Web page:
The critical approach to health education considers that economic, social and cultural factors are the principal determinants of disease. The responsibility for unhealthy behaviour lies with society, not with the individual. Thus educational programmes targeted at the individual, aiming to change an unhealthy conduct, will be a complete failure if they do not consider the different aspects of the subject’s life, both socioeconomic and environmental, that influence their behaviour and are responsible for diverse health problems (9,10). In line with this, the most appropriate design for an oral health education programme in a marginal population with a high proportion of school non-attendance will differ from that for a middle-class district with full school attendance and parents with a greater existing knowledge of oral health.

The aim of the present study was to characterize the association between knowledge, attitudes and practice of oral health in 12-year-old children, and to analyse the findings by means of both the "conventional" and "critical" KAP models.



Design and sampling

This was a cross-sectional study. The study population was the 12-year-old school population of the region of Galicia in Spain (n = 28927). From this population a two-phase random sample of 1105 subjects was obtained, stratified by province (Coruña, Lugo, Ourense or Pontevedra) and by "habitat" of residence (urban or rural). In total 95 schools were selected, and sample size from each school was proportional to the total number of 12-year-olds in that school. For estimation of required sample size, we took account of the prevalence of caries in Galicia (64.2% in mixed dentition according to a study of oral health performed in 1995, with 95% confidence level and absolute sampling error 3.5%).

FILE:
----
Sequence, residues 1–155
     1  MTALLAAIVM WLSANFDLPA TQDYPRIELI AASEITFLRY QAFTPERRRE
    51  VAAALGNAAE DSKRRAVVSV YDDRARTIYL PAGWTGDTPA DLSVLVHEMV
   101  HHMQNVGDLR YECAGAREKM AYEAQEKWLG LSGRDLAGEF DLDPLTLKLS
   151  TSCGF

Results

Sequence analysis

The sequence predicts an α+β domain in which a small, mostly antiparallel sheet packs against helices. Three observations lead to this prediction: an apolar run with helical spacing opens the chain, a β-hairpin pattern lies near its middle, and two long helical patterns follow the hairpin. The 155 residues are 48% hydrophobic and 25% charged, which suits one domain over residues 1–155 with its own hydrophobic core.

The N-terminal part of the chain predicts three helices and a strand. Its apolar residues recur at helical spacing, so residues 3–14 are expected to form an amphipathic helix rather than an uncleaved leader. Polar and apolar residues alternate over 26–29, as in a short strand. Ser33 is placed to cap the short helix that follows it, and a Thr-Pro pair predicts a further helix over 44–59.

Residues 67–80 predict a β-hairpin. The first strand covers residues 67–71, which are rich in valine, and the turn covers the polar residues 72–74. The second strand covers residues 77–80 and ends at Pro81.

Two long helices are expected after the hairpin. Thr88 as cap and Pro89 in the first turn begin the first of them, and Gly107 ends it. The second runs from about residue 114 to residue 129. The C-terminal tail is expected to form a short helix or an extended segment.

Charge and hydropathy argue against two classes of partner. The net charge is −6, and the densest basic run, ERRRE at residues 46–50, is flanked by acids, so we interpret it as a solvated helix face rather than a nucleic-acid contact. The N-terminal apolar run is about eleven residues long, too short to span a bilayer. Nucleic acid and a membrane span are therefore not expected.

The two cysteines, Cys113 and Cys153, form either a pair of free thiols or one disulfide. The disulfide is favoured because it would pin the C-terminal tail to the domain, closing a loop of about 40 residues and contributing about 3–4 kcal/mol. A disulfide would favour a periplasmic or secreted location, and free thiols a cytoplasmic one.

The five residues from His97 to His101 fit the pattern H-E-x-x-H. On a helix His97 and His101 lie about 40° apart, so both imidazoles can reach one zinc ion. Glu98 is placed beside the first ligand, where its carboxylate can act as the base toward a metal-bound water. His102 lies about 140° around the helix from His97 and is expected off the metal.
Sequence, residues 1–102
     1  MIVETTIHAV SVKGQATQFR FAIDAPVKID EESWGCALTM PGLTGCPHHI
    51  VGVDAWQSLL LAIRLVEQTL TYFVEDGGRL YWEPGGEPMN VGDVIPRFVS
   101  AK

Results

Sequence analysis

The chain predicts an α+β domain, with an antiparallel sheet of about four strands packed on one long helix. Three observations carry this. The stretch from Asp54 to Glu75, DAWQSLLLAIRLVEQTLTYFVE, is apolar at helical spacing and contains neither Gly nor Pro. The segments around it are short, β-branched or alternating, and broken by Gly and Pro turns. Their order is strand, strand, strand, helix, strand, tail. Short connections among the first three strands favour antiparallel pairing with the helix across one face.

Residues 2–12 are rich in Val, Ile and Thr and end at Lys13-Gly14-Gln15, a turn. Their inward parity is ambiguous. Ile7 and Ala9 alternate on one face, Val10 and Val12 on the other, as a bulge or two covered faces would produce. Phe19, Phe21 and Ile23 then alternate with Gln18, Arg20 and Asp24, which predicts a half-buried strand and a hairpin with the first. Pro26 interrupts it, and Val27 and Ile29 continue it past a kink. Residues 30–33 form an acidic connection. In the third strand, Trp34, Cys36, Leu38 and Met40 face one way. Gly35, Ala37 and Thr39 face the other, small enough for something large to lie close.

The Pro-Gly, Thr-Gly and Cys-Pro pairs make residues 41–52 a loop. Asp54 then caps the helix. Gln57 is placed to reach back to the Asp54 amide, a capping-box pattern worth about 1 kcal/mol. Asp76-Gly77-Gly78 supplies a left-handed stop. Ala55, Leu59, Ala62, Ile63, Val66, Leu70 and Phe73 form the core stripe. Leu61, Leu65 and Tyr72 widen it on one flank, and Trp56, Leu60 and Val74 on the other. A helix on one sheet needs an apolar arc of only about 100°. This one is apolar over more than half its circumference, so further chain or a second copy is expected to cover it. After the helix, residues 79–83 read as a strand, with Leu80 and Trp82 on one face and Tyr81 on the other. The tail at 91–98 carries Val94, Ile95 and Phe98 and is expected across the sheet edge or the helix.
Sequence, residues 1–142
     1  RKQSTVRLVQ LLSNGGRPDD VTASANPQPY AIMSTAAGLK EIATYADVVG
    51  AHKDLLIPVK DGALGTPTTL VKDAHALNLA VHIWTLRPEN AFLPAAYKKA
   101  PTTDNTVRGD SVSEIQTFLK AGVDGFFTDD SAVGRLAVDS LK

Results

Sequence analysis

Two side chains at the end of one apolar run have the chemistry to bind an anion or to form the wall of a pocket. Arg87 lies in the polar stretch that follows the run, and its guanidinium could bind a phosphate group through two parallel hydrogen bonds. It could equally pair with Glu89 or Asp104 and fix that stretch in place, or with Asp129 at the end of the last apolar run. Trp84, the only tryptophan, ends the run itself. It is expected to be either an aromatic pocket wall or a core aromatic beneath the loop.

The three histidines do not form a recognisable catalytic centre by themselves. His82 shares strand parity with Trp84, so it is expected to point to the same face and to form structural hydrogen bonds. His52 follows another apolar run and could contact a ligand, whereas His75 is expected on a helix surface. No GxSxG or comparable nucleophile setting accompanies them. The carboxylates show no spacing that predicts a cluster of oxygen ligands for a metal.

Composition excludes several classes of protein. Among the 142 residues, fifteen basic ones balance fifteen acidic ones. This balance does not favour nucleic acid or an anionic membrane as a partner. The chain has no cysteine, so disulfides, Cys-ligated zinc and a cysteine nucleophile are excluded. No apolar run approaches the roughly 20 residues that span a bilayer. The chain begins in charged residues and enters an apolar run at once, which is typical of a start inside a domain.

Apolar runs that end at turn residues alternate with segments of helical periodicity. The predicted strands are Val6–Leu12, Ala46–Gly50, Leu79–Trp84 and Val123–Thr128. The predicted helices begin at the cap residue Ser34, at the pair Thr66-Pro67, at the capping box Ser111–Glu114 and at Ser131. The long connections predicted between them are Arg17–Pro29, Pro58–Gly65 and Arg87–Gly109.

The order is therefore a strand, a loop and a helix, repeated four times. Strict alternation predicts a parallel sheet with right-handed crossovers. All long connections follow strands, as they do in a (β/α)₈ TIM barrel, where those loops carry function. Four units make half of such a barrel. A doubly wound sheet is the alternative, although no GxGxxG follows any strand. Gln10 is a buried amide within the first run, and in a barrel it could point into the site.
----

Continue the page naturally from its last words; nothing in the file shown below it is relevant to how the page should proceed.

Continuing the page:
Data collection

Five data collection teams were formed, each comprising a dentist and an assistant. Over the first 2 weeks criteria for diagnosis and questionnaire completion were calibrated in 4 schools. The dentist in each team carried out the physical examination, and the assistant helped with questionnaire completion. Data collection was done during the second trimester of 2000, following coordination of data collection days with the management of each school, and in all cases with prior written authorization from each child’s parents or guardian.

The questionnaire used was similar to that used in a 1995 study of oral health in this region, by the regional health department (Consellería de Sanidade, Xunta de Galicia) and the University of Santiago de Compostela (11). The questionnaire collected sociodemographic information potentially related to motivation about oral health, such as parents’ educational level and habitat of residence (urban or rural).